But of course the market wants alternatives even to alternatives. The alternative to Java is pretty clearly .NET. But of course once the initial cracks were formed in the foundation, it invites many other alternatives. I think Bill Gates was absolutely right about “many languages” up to and including domain specific languages. Languages are part of the “user interface” and different languages are better at expressing different thoughts. But JVM bytecode is Turing Complete–so you could bring PHP, Ruby, Groovy and anything else into bytecode the way you can bring Visual Basic, C# and others into IL for the CLR.

Turning and turning in the widening gyre
The falcon cannot hear the falconer;
Things fall apart; the centre cannot hold;
Mere anarchy is loosed upon the world,
The blood-dimmed tide is loosed, and everywhere
The ceremony of innocence is drowned;
The best lack all conviction, while the worst
Are full of passionate intensity.
Surely some revelation is at hand;
Surely the Second Coming is at hand.
The Second Coming! Hardly are those words out
When a vast image out of Spritus Mundi
Troubles my sight: somewhere in the sands of the desert
A shape with lion body and the head of a man,
A gaze blank and pitiless as the sun,
Is moving its slow thighs, while all about it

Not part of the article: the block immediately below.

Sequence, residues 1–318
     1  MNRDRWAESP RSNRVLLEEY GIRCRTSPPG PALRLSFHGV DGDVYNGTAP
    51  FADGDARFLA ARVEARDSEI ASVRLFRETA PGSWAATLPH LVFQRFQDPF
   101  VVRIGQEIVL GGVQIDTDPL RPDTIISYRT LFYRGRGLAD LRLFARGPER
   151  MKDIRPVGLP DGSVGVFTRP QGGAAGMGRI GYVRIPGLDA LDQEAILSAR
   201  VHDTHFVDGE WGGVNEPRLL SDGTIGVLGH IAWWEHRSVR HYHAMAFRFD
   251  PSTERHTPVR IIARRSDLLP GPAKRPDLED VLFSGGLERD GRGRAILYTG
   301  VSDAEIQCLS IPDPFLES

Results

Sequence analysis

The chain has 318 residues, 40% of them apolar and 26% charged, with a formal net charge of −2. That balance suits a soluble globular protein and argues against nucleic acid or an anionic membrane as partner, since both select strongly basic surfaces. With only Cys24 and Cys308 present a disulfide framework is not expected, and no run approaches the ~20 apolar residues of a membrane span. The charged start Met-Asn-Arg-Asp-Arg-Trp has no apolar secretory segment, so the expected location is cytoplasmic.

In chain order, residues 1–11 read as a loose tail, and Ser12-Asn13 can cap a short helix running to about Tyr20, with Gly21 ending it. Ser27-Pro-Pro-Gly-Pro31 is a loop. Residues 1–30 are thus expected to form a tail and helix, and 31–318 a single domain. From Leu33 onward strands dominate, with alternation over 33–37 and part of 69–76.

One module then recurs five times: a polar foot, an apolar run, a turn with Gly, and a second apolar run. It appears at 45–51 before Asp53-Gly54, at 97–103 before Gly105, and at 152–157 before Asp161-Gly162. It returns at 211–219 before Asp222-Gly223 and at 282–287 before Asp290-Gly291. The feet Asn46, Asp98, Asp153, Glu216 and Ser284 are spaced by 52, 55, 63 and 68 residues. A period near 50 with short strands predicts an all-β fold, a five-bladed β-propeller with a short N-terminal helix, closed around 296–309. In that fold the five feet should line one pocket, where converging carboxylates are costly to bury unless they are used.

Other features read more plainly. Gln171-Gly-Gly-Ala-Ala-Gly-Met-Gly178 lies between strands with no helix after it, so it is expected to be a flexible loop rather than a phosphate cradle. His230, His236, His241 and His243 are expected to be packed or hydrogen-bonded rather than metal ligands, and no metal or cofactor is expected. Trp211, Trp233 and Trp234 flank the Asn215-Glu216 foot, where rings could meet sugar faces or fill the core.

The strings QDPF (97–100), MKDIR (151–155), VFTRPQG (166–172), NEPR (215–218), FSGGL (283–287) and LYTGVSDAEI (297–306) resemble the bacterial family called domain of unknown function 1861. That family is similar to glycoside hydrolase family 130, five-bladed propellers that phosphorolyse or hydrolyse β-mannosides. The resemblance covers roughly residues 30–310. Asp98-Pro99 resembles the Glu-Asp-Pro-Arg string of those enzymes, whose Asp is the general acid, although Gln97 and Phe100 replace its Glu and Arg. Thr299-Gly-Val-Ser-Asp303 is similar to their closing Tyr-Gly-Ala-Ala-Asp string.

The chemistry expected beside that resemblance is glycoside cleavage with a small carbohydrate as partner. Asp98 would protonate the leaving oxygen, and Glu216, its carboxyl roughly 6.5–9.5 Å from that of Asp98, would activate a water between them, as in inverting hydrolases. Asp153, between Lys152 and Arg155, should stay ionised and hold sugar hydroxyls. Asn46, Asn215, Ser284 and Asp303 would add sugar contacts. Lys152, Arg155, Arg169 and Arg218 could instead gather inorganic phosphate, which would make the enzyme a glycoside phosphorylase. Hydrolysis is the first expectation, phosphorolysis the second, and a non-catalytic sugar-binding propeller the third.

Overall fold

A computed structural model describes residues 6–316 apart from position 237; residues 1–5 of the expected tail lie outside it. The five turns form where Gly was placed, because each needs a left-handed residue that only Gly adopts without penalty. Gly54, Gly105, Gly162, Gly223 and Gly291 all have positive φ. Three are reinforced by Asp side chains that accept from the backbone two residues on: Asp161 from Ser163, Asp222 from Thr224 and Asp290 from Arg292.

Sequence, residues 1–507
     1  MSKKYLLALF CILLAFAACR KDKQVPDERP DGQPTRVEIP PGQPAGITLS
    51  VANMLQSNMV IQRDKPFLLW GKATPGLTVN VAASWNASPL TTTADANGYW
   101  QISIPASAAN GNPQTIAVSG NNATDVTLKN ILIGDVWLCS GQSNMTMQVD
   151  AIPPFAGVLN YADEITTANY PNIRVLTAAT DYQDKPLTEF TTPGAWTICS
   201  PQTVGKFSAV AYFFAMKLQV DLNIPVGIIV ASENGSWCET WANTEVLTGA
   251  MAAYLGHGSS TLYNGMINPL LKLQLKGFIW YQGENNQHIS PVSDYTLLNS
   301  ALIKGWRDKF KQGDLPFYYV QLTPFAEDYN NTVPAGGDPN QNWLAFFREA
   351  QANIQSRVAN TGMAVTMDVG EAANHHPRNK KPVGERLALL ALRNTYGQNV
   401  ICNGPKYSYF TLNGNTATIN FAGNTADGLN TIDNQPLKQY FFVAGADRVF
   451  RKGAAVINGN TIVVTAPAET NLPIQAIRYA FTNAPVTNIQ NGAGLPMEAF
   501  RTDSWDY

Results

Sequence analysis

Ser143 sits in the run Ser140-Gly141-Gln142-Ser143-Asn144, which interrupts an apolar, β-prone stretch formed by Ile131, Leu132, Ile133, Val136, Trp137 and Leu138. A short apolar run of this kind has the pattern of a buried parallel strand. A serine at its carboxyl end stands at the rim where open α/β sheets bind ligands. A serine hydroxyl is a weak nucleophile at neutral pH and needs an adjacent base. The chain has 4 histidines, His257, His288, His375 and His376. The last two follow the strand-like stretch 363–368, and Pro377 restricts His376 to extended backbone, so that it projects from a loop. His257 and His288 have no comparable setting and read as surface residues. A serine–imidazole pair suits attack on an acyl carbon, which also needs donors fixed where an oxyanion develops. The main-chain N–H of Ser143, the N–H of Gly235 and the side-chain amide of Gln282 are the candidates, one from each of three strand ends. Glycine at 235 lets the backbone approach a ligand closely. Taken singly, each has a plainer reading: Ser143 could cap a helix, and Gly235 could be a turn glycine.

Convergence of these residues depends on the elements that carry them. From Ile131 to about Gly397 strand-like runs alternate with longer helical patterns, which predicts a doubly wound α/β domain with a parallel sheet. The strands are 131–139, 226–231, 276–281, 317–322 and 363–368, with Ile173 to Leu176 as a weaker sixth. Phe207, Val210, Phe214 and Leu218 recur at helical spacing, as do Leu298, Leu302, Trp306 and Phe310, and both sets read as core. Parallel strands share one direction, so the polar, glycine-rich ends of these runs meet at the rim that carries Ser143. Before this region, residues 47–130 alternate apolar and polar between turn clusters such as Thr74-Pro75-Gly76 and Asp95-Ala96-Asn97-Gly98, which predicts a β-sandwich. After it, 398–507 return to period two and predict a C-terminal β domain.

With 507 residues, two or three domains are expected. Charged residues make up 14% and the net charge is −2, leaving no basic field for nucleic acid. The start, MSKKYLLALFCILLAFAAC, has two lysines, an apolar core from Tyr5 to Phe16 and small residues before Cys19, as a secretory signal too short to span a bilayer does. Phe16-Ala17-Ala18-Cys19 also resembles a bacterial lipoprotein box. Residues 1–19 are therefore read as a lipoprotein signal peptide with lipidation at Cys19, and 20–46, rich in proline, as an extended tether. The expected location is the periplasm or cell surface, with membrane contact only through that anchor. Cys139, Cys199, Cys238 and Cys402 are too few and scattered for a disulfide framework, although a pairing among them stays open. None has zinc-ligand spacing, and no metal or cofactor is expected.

Reel shadows of the indignant desert birds.
The darkness drops again; but now I know
That twenty centuries of stony sleep
were vexed to nightmare by a rocking cradle,
And what rough beast, its hour come round at last,
Slouches towards Bethlehem to be born?

In Boston, I spoke with a SOA Naysayer, Rachel Chalmers from the 451 group. I was very sympathetic to her views because she is probably on the side of history–that technological revolution typically comes from the outside of the enterprise and goes in. Client server, the web application server, mobile technologies, social software, cloud apps, Saas, all have their revolutionary origins outside the enterprise. Why subject yourself to the complexity of SOAP when you can just build elegant web apps in the cloud? You get scalability for free. You get availability (we hope) for free. The google app outage this week shows you dont always get availability for free–but the availability is pretty darned good, certainly as good or better than most Enterprise apps.

Her objection was that SOAP was flawed from the get go, and that everyone should embrace REST. In time, perhaps this will be true. The preference of SOAP style over REST style is really based on the notion of a world where resources are limited and controlled, not a world where they are unlimited and free. On the web, the Google style is to assume that the system is always going to be scalable, always available and free.